Exploration in Child of Light
is elementary, and as a result, there isn't too much to talk about. At first, it might feel like a puzzle platformer in the same vein as Limbo
, but everything changes when Aurora meets Igniculus and eventually is gifted with a pair of wings. The world opens up: not only can Aurora fly almost anywhere on and beyond the screen, but Igniculus can be controlled independently with the Right Analog Stick. He can interact with special puzzle triggers and light-sensitive chests by fluorescing -- he can even blind enemies roaming on the screen so that Aurora can set up a surprise attack from the rear.
Scattered across Lemuria are stardust caches and special gems called oculi. Stardust allows Aurora and her companions to permanently upgrade their attributes, while oculi are customizable accessories that bestow passive combat abilities. For example, a sapphire slotted to the attack option imbues a character's melee strike with water damage, and equipping a diamond elsewhere might boost the amount of experience gained per battle. Oculi come in different states of quality, and they either can be combined with identical pieces to create stronger variants, or with others to create completely different oculi.
One would think that there's absolutely nowhere to innovate with something as established, as old as the turn-based combat system popularized by games like Dragon Warrior and Final Fantasy. One who played Child of Light would know that's not entirely true. While it's true that this game has you taking turns to unleash attacks on enemies, it gives you a degree of control over such a seemingly small part of the system that it ends up being deceptively deep. I'm referring to time.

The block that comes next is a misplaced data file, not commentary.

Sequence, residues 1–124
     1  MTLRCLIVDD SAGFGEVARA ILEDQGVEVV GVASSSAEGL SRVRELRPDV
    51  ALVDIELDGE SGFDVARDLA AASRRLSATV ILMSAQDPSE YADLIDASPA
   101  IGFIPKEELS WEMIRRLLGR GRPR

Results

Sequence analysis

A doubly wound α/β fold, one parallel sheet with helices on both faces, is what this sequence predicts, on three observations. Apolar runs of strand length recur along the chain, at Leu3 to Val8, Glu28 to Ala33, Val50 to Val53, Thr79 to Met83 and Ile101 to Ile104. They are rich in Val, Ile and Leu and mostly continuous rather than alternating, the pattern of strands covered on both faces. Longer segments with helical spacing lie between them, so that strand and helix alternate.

At the bottom of the screen is a timeline separated into two components. The Wait bar is by far the longest portion, and the Cast bar is considerably shorter. On the timeline are the portraits of the characters involved in the battle -- both Aurora's and those of the enemy forces. When the battle begins, all portraits move from left to right on the timeline. Once they reach the Cast bar, the choice of action is made. Depending on the set amount of time assigned to each action, the amount of time in the Cast bar can be anywhere from none to several seconds. If you manage to land a hit on an enemy whose portrait is in the Cast bar, you will interrupt that enemy and kick it back onto the Wait bar. Special potions affect the speed of both Aurora's party and their enemies, but there's one more layer of strategy. Igniculus floats freely on the battlefield, and can be a huge asset to your attempts at controlling the ebb and flow of battle. As long as Igniculus has the energy, he can fluoresce over allies to heal them or over enemies to slow their progress on the timeline. If he runs out of energy, special wish plants on the battlefield can be harvested to replenish it. All of this makes for a turn-based combat system that feels fresh.
Child of Light is absolutely a one-and-done game, but the quality of that one playthrough more than justifies the game's price tag. It has its head in the clouds more often than not, but face it: we're all entitled to that once in a while. In the end, Child of Light is something of a rare breed: a treat for all ages.